Monday, February 11, 2013

Australasia - Sin4tr4 (2012)

If you were so inclined, take a glass of water from your preferred source (tap, bottle, garden hose, etc). Add a single ice cube, one that had been given a healthy dose of red food coloring. As you watch that cube melt away, releasing its stain into the glass, you would begin to fully understand what it is that Australasia have accomplished. This duo from Italy have made it their promise, "melting heaviness into post-rock," a vow that they not only intend to keep, but perfect. Focusing mainly on the instrumentals, minus the use of scattered spoken passages, you find a marriage of two species that are separated only by the smallest of characteristics. But with the help of some deft drumming, a penchant for memorable riffs both heavy and heavenly, and the open mindedness to make them all fit together, the seven songs contained on "Sin4tr4" not only inject that colored water into your glass, but it may have you thinking red liquids are the new clear.

With an overwhelming clarity and depth of sound, melodic riffs open "Antenna." While it may sound like a given at this stage of the digital era, it is the clear production work that allows the track to ebb and flow so perfectly from start to finish. Those lightly strummed chords and basic drumming tempos quickly evolve into something far more impressive. Without being overbearing, there is an assertive quality to the heavier moments that is both welcomed and admired. It makes you wonder how a band can go from one extreme to the next, and end it all with lightly strummed guitars and the tickle of bells. Having already put the beast into motion, "Spine" comes out of the gate with a far more aggressive approach. The structure that raises up from a foundation of rattling drums is one of strength and unwavering attention to detail. Fast or slow, heavy and light, are all treated with the same care. The layers of guitars and their ringing distortion continue to push each other higher and higher into your consciousness, eventually bolstered by electronic tinged pulses that, while sparingly used, leave a lasting impression. Those blissfully short, "Apnea" may reign as the most awe inspiring song on the album. With a female voice crooning over a cornucopia of beats and breaks, it is simple, yet effective.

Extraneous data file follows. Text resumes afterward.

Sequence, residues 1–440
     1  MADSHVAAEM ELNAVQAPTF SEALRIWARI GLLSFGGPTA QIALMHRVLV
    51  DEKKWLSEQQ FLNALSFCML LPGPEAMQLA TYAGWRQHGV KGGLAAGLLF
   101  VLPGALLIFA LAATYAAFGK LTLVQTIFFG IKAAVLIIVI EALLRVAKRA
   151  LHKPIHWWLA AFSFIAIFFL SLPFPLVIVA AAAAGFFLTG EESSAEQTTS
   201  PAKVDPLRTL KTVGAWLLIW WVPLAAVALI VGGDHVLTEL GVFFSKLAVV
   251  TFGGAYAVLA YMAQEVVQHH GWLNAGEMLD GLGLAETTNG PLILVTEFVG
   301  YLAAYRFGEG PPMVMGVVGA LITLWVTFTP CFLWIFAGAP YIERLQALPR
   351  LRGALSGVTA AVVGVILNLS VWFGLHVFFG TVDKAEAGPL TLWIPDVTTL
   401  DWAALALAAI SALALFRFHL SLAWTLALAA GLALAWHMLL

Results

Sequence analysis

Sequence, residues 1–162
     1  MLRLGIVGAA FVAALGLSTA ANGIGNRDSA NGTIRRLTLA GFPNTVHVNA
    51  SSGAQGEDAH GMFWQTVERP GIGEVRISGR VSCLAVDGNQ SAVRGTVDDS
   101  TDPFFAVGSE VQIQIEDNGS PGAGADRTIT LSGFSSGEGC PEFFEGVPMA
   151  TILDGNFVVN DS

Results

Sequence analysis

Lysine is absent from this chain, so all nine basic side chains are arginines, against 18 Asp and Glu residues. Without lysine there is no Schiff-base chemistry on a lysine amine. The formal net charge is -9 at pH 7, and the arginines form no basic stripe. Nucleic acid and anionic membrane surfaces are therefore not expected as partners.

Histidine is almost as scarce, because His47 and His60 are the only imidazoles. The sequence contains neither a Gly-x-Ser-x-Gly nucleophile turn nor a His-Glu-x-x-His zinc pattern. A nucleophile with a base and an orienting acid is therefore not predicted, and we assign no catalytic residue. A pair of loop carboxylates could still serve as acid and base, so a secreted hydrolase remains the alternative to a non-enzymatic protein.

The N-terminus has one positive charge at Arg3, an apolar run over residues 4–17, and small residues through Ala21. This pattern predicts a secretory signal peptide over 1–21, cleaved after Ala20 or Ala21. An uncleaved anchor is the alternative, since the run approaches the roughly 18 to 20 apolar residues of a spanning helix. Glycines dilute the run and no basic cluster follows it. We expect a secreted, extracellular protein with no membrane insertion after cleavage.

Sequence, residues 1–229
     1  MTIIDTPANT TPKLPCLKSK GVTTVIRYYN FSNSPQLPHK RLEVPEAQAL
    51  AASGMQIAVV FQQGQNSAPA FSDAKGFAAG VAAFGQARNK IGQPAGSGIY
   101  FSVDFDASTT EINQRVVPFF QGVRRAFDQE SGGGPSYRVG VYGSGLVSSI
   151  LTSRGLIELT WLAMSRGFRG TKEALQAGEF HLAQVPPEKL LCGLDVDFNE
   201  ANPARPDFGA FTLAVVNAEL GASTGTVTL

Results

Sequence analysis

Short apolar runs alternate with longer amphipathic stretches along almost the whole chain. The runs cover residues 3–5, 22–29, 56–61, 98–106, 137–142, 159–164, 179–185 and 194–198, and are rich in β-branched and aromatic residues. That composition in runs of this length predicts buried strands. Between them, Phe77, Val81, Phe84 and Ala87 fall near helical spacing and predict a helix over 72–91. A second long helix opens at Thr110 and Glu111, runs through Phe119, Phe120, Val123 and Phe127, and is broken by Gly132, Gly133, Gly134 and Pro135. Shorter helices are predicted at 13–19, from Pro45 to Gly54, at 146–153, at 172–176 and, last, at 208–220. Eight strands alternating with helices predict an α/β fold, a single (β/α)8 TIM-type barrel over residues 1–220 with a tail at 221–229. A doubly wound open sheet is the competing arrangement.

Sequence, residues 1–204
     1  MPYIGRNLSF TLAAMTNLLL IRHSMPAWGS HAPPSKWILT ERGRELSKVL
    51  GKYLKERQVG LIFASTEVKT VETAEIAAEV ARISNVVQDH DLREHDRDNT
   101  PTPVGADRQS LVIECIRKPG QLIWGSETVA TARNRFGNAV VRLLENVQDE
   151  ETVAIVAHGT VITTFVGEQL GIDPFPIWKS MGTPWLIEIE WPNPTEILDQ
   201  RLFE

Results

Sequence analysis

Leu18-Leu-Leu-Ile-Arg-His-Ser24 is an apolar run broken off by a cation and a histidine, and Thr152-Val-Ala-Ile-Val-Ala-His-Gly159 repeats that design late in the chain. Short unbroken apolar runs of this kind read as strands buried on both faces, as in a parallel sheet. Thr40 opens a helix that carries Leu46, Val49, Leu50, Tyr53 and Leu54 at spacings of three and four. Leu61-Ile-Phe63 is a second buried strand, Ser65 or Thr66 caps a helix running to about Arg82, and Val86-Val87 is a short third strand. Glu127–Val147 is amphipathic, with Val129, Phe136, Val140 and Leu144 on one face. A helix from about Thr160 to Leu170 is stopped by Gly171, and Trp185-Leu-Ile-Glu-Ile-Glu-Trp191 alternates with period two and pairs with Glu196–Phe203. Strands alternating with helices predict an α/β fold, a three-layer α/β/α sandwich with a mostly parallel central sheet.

In a fitting rebuttal, "Scenario" sees the return of the booming kick drums that we heard earlier, but with a flurry of astonishing black metal drumming attached. The machine gun snares match perfectly with the furious picking and strumming, taking on so many elements of the shoe gaze genre, without being content to coast gently into the night. For the second time, the use of spoken word completes a well rounded offering. Just as subtly, "Satellite" fades in, an ethereal haze of plucked and echoing notes, floating through space. And while there may not be the only massive blowup that you expect, what you receive in its place may be more powerful. It is in these more refined moments that you find something inspiring. And while the synths on "Retina" may sound half space age, and half eighties pop, they are completely necessary. Forming the stable foundation allows the wall of distorted guitars to crash down like a tidal wave. The pairing of those guitars with first a softer tapping, then a blasting chorus of percussion shows versatility, as well as craftsmanship. And while the sweeping winds of "Fragile" may come and go, the track itself has a lasting beauty that won't fade. One part whimsy, one part cinematic genius, you would be hard pressed to find a song that more perfectly defines an album.

Metaphors aside, it is easy to find yourself impressed with what you find on "Sin4tr4." This isn't a mediocre stab at something slightly new, and mildly interesting. There is something special to be had here; something that while not entirely original, is done with all of the bravado and skill necessary to start the ball rolling in a brighter direction. Australasia make a promise with their various websites and descriptions, but they make good on it with every passing note, something that deserves a just amount of credit. And whether you think this is good traveling music, relaxation music, the music for your next movie, or just a nimble piece of post rock and metal fusion, it is safe to say you will keep coming back to it time and time again. There is something to be said about a style of music that is beautiful, bombastic, and all without a hit of pretentiousness.


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